The study findings of a phase 2 clinical trial led by Feinstein Institutes for Medical Research-New York and Cold Spring Harbor Laboratory shows that the common heart burn drug Famotidine is effective in treating COVID-19 disease especially for those with in mild to moderate cases.
The study findings were published in the peer reviewed journal: BMJ Gut
The search for safe, effective and affordable treatments for COVID-19 remains a global health priority. COVID-19 is pandemic, with an estimated 319 M cases and 5.5 M deaths worldwide to date.1 Restrictive public health measures in response to COVID-19 have led to unprecedented negative impacts on society.2
COVID-19 is caused by the SARS-CoV-2.3 On body entry, SARS-CoV-2 docks to the widely expressed ACE24 5 and is internalised into the cell.6 7 Viral replication causes cell death and engages the immune system.8
Toll-like receptor 3 (TLR3) binds viral double-stranded RNA, leading to nuclear factor kappa-light-chain-enhancer of activated B cells directed transcriptional activation of type-I interferon and cytokine production.9 10
In most cases, the resulting inflammation and activation of the adaptive immune system leads to viral clearance, early resolution of inflammation and acquired immunity after a mild or even asymptomatic disease period.11
A significant minority of patients, however, experience moderate or severe COVID-19 caused by either suboptimal immune activation or non-abrogated inflammatory and immune overactivation, commonly referred to as a ‘cytokine storm’.10 This may explain why factors that predispose a patient to inflammation12 are risk factors for a poor outcome from COVID-19.13
COVID-19 preventions and treatments can be classified into the categories vaccination, anti-viral medication and host response modulator. Vaccinations prime the immune system, reduce disease severity and mortality and prevent spread of the disease.14 15 Unfortunately, their effectiveness may be compromised by viral variants, such as Delta or Omicron.16 17
Vaccine uptake is limited by non-concordance, cost, and supply and distribution hurdles.18 Similar factors may diminish the global impact of emerging anti-viral medications that have recently shown promising results in reducing hospitalisation and death of patients with risk factors for poor outcome.19–21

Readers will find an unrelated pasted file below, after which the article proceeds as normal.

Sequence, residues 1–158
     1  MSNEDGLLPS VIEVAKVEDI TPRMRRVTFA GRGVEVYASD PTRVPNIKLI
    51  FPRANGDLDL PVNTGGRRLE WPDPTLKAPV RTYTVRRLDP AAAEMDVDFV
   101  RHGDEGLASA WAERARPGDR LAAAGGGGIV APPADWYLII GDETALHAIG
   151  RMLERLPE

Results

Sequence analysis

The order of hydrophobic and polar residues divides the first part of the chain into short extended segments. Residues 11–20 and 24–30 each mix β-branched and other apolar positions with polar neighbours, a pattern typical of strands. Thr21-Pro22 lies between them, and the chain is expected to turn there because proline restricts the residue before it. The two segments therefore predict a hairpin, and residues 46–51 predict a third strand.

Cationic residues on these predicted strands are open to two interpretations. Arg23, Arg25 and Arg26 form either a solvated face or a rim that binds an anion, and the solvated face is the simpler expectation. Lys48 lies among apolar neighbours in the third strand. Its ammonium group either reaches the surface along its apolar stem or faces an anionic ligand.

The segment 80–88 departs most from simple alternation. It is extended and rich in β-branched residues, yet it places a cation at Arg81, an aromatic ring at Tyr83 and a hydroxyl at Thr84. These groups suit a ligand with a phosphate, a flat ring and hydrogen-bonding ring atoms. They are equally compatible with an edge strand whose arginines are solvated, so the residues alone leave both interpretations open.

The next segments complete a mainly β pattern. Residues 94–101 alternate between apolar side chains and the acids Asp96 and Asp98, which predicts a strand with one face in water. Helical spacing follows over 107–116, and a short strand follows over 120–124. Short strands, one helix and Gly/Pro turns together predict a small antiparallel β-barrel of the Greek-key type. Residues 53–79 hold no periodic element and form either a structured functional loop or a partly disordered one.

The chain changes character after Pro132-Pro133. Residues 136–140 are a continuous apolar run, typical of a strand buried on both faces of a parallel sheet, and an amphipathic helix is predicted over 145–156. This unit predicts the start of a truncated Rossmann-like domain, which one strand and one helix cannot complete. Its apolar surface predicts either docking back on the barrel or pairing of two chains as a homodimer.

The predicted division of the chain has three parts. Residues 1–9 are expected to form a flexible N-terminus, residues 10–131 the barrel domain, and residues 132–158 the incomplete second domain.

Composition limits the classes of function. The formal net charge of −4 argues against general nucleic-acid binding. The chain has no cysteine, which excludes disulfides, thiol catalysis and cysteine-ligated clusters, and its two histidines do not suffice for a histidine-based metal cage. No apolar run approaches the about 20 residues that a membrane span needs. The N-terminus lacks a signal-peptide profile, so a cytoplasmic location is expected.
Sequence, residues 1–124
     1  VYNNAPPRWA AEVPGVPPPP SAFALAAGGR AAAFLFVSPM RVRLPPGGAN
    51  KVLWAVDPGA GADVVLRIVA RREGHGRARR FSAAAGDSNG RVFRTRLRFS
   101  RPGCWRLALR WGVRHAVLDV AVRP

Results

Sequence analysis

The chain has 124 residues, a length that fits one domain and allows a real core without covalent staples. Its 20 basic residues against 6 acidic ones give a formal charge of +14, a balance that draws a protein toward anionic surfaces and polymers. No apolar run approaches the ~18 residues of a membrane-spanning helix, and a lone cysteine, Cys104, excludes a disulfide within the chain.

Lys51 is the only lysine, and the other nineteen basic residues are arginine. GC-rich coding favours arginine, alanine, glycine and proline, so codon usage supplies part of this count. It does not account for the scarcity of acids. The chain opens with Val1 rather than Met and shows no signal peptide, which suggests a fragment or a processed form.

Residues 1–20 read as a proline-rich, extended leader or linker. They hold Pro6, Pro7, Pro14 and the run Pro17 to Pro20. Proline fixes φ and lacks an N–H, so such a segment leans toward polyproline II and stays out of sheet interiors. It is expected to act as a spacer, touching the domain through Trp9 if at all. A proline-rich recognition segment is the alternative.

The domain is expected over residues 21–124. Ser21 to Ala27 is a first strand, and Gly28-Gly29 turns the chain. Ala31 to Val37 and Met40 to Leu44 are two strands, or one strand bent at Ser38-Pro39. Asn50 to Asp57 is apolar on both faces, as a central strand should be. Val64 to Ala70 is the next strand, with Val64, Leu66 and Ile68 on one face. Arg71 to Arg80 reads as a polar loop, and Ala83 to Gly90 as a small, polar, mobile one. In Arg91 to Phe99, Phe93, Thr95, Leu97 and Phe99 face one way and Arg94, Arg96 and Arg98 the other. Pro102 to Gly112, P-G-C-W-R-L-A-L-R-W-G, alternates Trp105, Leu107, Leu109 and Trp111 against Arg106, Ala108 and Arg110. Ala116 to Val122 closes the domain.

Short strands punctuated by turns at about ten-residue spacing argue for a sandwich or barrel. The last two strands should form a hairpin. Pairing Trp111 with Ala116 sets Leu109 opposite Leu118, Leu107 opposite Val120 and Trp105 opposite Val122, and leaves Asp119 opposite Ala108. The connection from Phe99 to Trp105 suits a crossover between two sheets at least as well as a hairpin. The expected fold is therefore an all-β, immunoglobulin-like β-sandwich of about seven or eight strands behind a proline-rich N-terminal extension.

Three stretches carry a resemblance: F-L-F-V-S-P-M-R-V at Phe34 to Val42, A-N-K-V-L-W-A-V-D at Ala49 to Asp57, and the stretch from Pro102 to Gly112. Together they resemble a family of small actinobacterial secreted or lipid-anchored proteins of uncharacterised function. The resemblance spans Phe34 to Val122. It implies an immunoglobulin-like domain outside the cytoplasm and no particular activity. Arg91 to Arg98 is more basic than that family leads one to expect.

The sustained host inflammatory response has been modulated using anti-inflammatory medications and immune suppressants in hospitalised patients. For example, dexamethasone reduced mortality in hospitalised, oxygen-dependent patients with COVID-19.22
It has been shown to modulate interferon programming in patients with severe COVID-19.23 In outpatients with COVID-19, the selective serotonin reuptake inhibitor fluvoxamine reduced hospitalisation, but no mechanism is known.24
Famotidine is a widely available, safe, low-cost candidate medication for COVID-19. This selective histamine H2-receptor (H2R) antagonist reduced type-I interferon release from SARS-CoV-2-infected epithelial cells in a TLR3-dependent manner.9
Famotidine intake as an antacid has been associated with improved clinical outcome in several retrospective cohort studies of hospitalised patients,25 26 but some studies found no effect or negative associations.27
In a case series of unvaccinated outpatients with moderate COVID-19, oral famotidine at 80 mg three times a day was well tolerated and associated with rapid symptomatic and physiological improvement.28
Famotidine, as a result, has been frequently prescribed to non-hospitalised patients with COVID-19, without clinical trial data supporting biological or clinical efficacy.
We performed a randomised, double-blind, placebo-controlled, phase 2 clinical trial of oral famotidine (80 mg three times a day) and deeply profiled the enrolled diverse, non-hospitalised patients with mild to moderate symptoms from COVID-19.
We devised a fully remote clinical trial strategy to reduce patient burden and exposure of the public and healthcare personnel. We aimed to assess the benefit of famotidine on resolution of symptoms and inflammation in patients with COVID-19.